Just as threat modeling is an important step in the design process when security-related issues are being evaluated, fault modeling is an important step in the design process for building reliable cloud services. It’s about identifying the interaction points and dependencies of the service and enabling the engineering team to identify where investments should be made to ensure the service can be monitored effectively and issues detected quickly. And, in turn, even guiding the engineering team toward effective coping mechanisms so the service is better able to withstand, or mitigate, the fault.
Posted by: Tim Rains, Director, Trustworthy Computing
A big part of my job is talking to Chief Security Information Officers, Chief Security Officers, as well as VPs and Directors who manage risk for their organizations. For them, one of the top priorities that has emerged in the past couple of years is cloud computing. The businesses that these security executives support are evaluating the potential benefits of cloud computing and some have already started leveraging this new paradigm in an effort to increase productivity and lower costs. Security executives are, more often than not, involved in the evaluation and deployment processes for new online services.
Posted by: Jacqueline Beauchere, Director, Online Privacy and Safety
Before I go any further, I want to assure you that this is a legitimate Microsoft blog, and that I genuinely work for the company.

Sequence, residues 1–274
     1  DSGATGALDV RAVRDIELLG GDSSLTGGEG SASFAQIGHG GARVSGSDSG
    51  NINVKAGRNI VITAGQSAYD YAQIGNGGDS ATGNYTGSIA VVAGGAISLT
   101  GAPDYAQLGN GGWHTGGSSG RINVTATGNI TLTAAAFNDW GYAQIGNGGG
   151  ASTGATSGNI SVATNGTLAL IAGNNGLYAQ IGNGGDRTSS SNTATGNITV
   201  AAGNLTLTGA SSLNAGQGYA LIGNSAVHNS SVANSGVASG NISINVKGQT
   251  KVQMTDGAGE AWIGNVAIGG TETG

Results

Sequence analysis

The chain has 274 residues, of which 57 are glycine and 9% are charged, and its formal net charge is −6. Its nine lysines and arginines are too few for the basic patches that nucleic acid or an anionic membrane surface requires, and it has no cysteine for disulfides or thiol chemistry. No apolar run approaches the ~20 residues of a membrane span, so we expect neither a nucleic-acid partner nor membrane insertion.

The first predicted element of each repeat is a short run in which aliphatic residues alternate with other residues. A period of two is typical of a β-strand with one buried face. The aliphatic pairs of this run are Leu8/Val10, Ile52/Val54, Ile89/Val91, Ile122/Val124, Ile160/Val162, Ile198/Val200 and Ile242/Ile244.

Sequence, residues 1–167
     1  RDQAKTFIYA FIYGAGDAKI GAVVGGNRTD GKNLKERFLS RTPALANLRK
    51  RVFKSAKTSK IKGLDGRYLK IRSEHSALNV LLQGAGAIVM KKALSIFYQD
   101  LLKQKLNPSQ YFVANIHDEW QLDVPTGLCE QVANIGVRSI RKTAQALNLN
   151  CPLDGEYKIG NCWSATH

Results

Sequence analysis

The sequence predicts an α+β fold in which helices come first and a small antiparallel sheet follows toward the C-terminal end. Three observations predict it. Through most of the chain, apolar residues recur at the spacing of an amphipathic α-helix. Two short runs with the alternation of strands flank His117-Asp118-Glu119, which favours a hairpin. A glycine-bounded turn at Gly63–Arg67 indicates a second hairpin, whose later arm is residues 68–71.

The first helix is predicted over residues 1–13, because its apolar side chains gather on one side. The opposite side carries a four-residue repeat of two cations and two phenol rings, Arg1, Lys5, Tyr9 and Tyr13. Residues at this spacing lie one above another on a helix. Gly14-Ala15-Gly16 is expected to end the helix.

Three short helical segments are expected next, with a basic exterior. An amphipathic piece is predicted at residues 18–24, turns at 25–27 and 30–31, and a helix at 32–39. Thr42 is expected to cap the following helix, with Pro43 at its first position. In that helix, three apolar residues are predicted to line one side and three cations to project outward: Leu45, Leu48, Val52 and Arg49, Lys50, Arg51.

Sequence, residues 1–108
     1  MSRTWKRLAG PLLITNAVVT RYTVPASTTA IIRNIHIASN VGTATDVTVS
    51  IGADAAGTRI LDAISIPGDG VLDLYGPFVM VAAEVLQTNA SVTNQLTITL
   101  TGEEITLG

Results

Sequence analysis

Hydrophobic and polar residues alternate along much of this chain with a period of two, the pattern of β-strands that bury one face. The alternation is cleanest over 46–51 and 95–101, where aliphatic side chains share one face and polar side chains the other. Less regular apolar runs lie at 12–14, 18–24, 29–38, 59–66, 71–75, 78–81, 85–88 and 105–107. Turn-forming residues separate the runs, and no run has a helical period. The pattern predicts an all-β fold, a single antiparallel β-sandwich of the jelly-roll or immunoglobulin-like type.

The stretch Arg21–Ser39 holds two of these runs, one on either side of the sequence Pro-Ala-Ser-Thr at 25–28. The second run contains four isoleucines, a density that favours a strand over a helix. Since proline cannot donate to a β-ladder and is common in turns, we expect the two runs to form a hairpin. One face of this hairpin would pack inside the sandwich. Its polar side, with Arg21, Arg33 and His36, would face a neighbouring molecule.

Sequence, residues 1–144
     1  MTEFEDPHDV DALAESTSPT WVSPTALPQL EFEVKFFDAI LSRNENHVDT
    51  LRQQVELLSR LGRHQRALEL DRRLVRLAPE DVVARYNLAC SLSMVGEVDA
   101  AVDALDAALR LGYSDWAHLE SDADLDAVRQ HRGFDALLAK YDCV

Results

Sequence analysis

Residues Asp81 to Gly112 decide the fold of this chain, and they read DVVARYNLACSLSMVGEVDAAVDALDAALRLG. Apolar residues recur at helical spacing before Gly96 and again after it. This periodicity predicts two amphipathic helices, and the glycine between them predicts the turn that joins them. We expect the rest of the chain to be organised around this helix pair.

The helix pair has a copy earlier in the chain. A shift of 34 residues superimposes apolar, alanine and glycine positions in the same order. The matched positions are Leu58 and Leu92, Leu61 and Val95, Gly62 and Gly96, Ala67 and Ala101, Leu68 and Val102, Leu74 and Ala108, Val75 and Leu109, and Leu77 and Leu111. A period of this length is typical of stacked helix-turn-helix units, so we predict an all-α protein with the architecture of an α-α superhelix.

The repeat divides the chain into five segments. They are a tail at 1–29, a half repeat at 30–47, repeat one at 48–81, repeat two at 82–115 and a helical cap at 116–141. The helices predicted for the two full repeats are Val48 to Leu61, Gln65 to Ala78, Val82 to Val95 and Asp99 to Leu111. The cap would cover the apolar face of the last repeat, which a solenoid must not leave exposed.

If you’ve received an unsolicited phone call from someone claiming association with Microsoft and offering technical support, or help with a security problem you didn’t know you had, I wouldn’t blame you for doubting me.
Unfortunately, in today’s day and age, a little suspicion is a good thing because increasingly devious, determined and resourceful criminals want to steal from you. Cash is what they really want, but personal information they can exploit for financial gain – that’ll do nicely, too, thank you.
By: Tim Rains, Director, Trustworthy Computing
The consumerization of IT, referred to by many people as “Bring Your Own Device” (BYOD), is a very hot topic these days as organizations grapple with the challenge of managing the risks in allowing organizational data to be placed on personal mobile devices, like smart phones. The challenge here is that some of the devices that employees decide to bring to work with them might not have the basic security or management capabilities. This challenge is compounded by the risks associated with these same devices connecting to ubiquitous social networks and the diverse ways organizations and people are choosing to connect and share data today – such as the utilization of cloud services.